WWE Great American Bash 2004
by Scrooge McSuck
-The writing was on the wall almost immediately: Smackdown wasn't nearly as important as Monday Night Raw. Sure, the sides were practically even from the original launch of a brand split through all of 2003, but things changed immediately after WrestleMania XX: WWE held the first of what would become a traditional Draft that would move a few pieces around in order to create fresh matches and new storylines... except it didn't seem to balance out very fairly. Triple H was picked to Smackdown, only to be "traded" back in exchange for Booker T and the Dudley Boyz (yes, THREE for the one). sure, those aren't nobodies, but now Raw had Triple H, Shawn Michaels, and Chris Benoit, as well as the pushed to the moon Randy Orton, always good for a filler Main Event Kane, a returning Edge, and even Batista knocking on the door. Smackdown? They had Eddie Guerrero. Kurt Angle desperately needed time off for injuries, ditto the Big Show. Brock Lesnar left for Minnesota Vikings Training Camp and a successful career in MMA. This complete lack of uppercard talent made Smackdown look second rate, as did the choice for the next big, main event threat, heel... Bradshaw.
BRADSHAW. Of the APA. Formerly Justin "Hawk" Bradshaw, managed by Uncle Zebekiah. Formerly Blackjack Bradshaw. Bradshaw, the beer drinking, potty-mouthed Texan that DIDN'T get over. Yes, he was suddenly, and I do mean out of nowhere, pushed to the top of the card, doing what would generously be called a mix of a Ted Dibiase, Stan Hansen, and Kevin Nash impression. I chose the latter because JBL would go on to headline some of the poorest drawing shows of all-time. With Eddie Guerrero (a mostly life-long midcarder) vs. JBL (generously a life-long midcarder) as the WWE Title program, there needed to be something else... so the Undertaker, back from the dead and finally ditching the stupid BikerTaker version of his character, was put into an odd situation with the Dudley Boyz over the kidnapping and threatened homicide of Paul Bearer. Great American Bash would be the first "Smackdown Exclusive" PPV since the pendulum swung in Raw's favor... and boy can you tell. Let's take a look:
- Originally presented by the WWE on June 27th, 2004, from the Scope in Nortfolk, VA. Michael Cole and Tazz are on commentary, unless otherwise noted. One of the few cool things about the show: The return of red, white, and blue ring ropes. That's about as positive as I'm going to be, most likely. I should note this is only two WEEKS after Raw's Bad Blood, which might explain the miniscule buyrate. Sorry, I wasn't dropping 80 bucks in a month on PPV's, so I chose the one with a secondary Main Event of Chris Benoit vs. Kane. Not Bradshaw winning the WWE Title. Whoops, spoilers. In a worthless match on Sunday Night Heat, Spike Dudley put away Jamie Noble. WWE's answers to the Cruiserweight Division: Moving SPIKE DUDLEY to Smackdown. Misuse Ultimo fucking Dragon, but push Spike Dudley. WWE sure did a lot to piss me off back in the day. Yes, I just referenced 2004 as BACK IN THE DAY.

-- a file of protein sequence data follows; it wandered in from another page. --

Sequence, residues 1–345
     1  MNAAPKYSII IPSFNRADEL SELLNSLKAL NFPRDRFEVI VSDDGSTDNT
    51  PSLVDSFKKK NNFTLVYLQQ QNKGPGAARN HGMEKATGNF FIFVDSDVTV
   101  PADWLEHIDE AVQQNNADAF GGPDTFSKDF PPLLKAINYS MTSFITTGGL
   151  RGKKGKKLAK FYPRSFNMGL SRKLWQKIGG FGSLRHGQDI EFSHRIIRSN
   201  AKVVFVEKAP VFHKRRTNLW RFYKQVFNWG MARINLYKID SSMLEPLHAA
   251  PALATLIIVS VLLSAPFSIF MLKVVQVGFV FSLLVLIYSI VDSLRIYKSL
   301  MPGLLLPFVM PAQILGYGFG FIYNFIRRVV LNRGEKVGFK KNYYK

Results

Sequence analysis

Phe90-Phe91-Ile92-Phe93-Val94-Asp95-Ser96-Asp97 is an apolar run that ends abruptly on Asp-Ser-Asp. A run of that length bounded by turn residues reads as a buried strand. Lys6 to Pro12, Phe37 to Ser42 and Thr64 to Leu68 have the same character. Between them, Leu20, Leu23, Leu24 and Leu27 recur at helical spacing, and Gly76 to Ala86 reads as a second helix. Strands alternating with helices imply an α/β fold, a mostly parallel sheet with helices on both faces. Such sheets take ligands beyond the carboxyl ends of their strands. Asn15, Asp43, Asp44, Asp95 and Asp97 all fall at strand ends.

WWE United States Championship; Fatal-Four Way Match:
This is held under Elimination Rules. Let's see, take three of the few "names" available on Smackdown, and stick them into the same match with Rene Dupree. In the OPENER. We'll see just how depleted and miss-cast the roster is as the show progresses. Cena's pre-match "rap" actually makes me long for "Rise Above Jobbing" Cena of the last eight years. I totally forgot about Booker's character motivation at the time: Being disgruntled having to be on Smackdown. RVD and Booker quickly take things to the floor, probably over who carried the team during their run as Tag Team Champions. Booker kind of hangs around on the floor, making Dupree do all the work. Thanks, Book. Dupree gets taken out on he floor, so now Cena decides he wants back in the ring. RVD punks out Booker and finally sends him in the ring. I'm kind of annoyed that while two guys are in the ring, the other two just STAND AROUND DOING NOTHING. I get the idea, but it's incredibly lazy looking. Dupree does the French Tickler, the only moment of "heat" he would have in the match. RVD with the Frog Splash on Dupree, then one for Booker T. Cena sneaks in and rolls up RVD for three at 8:18. Dupree and Booker take turns beating on Cena, but he OVERCOMES THE ODDS! FU to Dupree, and Booker steals the pin at 11:12, leaving Cena and Booker. Remember that EPIC Best of 5 Series? No? Well, it sucked. Booker gets a series of near falls and hits a chinlock. Cena mounts the comeback and a 5-Knuckle Shuffle gets two. Booker with a super-kick to the chest, but the Scissors Kick misses, and Cena finishes him with the FU at 15:48 to retain the US Title. ** A solid few minutes in the end saved this one from being a complete turd. Why make it a 4-Way when the match was a heatless, steaming, pile of dog poo until it came down to Cena and Booker T?
John Cena © vs. Rob Van Dam vs. Booker T vs. Rene Dupree: